Michael UlrichDecreasing the impact of electronic waste on the environment is the goal of Alvernia chemistry major Michael Ulrich. Michael is building upon professor Joshua Smith’s research by looking toward new techniques to extract rare metals from electronic waste, such as LCD and LED screens. Once perfected, the technique, which uses silica-coated magnetic nanoparticles to attract the metal from the waste, will more than double the amount of metals extracted prior to waste disposal.

“When I started, I was weary about what I was working with. I didn’t understand how the particles interact with each other, and I didn’t understand what they were made of and why they look the way they do. Three months later, I’m still figuring it out. But I have a way better understanding of what’s going on,” says Michael.

Michael’s research is funded through the Alvernia Student Undergraduate Research Fellowship (S.U.R.F.) program, which awards students up to $3,000 and free housing with a kitchen for 10 weeks over the summer.

According to Michael, S.U.R.F. research has improved his understanding of the scientific method. “When you really dive into a specific idea and you blow it up over the span of weeks or months, it definitely changes your perspective on the process itself and the subject,” Michael explains.

Born in Russia and adopted by American parents at age 3, Michael has flourished in the Alvernia chemistry program. “My situation gives me a better appreciation for the opportunities I am given and have been given. Not a day goes by where I forget where I came from,” says Michael.

You can open doors of opportunity for students like Michael through a planned gift. To learn more about your options, contact Meggan Kerber at or 610.796.8327.



Tom and Helen Flynn

Tom and Helen FlynnTom and Helen Flynn know the importance of ensuring that Alvernia continues to be a place of educational opportunity and excellence for deserving students of all backgrounds. The Flynns have already made two planned gifts to Alvernia University and anticipate further support. “We recognize the importance of helping ensure that essential program support is guaranteed in perpetuity,” explains Tom.

One of the gifts will expand the endowment for the Reading Collegiate Scholars Program, and the second gift will support faculty excellence, both important to the success of the University. The latter gift, known as the Flynn-Sheimo Faculty Excellence Endowment, has been established to honor Helen’s late parents and Tom’s late mother, all of whom were teachers.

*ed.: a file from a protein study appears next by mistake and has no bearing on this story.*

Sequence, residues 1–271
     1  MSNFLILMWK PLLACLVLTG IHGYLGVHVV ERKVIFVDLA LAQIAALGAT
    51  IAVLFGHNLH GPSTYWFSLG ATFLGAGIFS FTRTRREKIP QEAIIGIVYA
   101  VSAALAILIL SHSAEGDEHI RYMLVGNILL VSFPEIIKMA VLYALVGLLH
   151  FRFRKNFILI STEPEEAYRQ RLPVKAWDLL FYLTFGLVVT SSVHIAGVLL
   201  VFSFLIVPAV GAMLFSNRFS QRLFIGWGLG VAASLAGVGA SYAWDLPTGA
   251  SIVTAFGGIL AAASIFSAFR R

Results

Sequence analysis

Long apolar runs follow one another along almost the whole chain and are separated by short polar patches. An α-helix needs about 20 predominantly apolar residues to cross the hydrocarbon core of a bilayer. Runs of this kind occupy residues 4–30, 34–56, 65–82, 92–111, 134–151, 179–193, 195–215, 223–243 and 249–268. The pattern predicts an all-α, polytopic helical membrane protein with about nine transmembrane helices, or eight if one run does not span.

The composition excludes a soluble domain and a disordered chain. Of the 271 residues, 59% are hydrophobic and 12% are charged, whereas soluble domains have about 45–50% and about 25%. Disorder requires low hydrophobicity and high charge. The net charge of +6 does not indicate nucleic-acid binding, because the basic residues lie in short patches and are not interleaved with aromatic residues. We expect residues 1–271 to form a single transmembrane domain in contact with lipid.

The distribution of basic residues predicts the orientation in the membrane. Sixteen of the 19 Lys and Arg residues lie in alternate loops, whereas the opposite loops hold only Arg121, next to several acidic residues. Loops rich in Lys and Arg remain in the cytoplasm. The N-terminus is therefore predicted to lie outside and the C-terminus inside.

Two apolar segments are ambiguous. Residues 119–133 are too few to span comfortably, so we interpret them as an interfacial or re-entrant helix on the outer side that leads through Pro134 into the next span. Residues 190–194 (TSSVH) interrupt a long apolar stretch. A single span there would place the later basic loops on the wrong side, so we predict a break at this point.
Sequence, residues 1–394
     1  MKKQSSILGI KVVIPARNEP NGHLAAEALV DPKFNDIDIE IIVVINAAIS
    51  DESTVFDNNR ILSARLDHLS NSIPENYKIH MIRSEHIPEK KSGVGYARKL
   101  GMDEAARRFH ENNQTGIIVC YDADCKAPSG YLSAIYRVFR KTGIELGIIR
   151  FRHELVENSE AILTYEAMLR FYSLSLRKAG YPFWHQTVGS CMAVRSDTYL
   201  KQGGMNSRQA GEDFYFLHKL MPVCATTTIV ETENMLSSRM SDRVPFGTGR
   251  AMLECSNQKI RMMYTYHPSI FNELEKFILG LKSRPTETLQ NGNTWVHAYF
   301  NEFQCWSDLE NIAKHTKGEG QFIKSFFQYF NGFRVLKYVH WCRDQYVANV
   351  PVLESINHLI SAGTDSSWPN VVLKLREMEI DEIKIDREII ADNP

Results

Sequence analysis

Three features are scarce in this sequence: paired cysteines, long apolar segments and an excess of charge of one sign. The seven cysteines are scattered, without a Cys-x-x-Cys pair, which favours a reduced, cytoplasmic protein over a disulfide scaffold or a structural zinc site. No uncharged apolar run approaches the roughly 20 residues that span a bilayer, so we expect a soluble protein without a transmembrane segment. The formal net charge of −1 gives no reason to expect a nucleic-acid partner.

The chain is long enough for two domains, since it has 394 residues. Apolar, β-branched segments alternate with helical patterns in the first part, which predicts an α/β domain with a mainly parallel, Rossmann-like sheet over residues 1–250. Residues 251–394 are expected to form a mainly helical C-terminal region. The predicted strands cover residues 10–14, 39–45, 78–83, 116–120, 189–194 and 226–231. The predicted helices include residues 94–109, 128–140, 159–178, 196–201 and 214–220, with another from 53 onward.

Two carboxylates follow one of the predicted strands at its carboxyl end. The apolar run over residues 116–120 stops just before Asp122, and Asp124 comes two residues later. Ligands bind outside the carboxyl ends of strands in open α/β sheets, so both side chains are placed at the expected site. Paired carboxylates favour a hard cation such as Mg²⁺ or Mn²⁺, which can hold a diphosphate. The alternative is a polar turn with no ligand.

Under Tom’s transformative leadership, Alvernia’s endowment has more than doubled, while gifts to the University, including the Alvernia Fund, grants and restricted gifts have all grown exponentially. Tom and Helen remind us that “young schools like Alvernia need alumni, parents, friends, faculty and even former presidents” to make an impact on future students and faculty members.

Alvernia University is blessed to have forward-thinking benefactors like Tom and Helen, and other members of our St. Clare Society, who have created a legacy of student and faculty opportunity and excellence for generations. Their gifts, as Tom emphasizes, “make it possible for students of all economic backgrounds to attend and flourish at Alvernia.”

Make a Difference

You too can create a legacy like Tom and Helen Flynn and make a difference for Alvernia students, now and in the future. Contact Meggan Kerber at 610.796.8327 or to learn more.



Justin Gibbs

Justin GibbsStudent-athlete Justin Gibbs learned a lot about himself and how to work under pressure while playing two sports at Alvernia (volleyball and tennis) and succeeding in the classroom—achieving his first 4.0 GPA while taking all 400-level classes.

But, his college journey was not an easy one, as he attended several other colleges before choosing to transfer here in 2017.

In his senior year, Justin received the Donna J. Klinikowski Scholarship, which provided the funding he needed to graduate from Alvernia. Donna, an English and Communications professor at Alvernia, and her late husband, Ronald, established the scholarship through her estate plan prior to her passing in 2006.

"The reason why the scholarship was so important is because the school became my home away from home. I was finally proud of a school and felt like it was where I belonged. The scholarship made me feel like Alvernia was investing in me, saying 'we got your back,' which helped me focus in school," Justin says.

"I can also say, without the scholarship, I would not be where I am today—a first-generation college graduate who accomplished something for my family as well. The biggest reward I got from Alvernia are the relationships I have made with my peers, but even more importantly the relationships I have made with faculty and staff, who are first class and always available to help me academically."

You too can make a difference for students like Justin. Contact Meggan Kerber at 610.796.8327 or to learn more.



Steve Keiser '80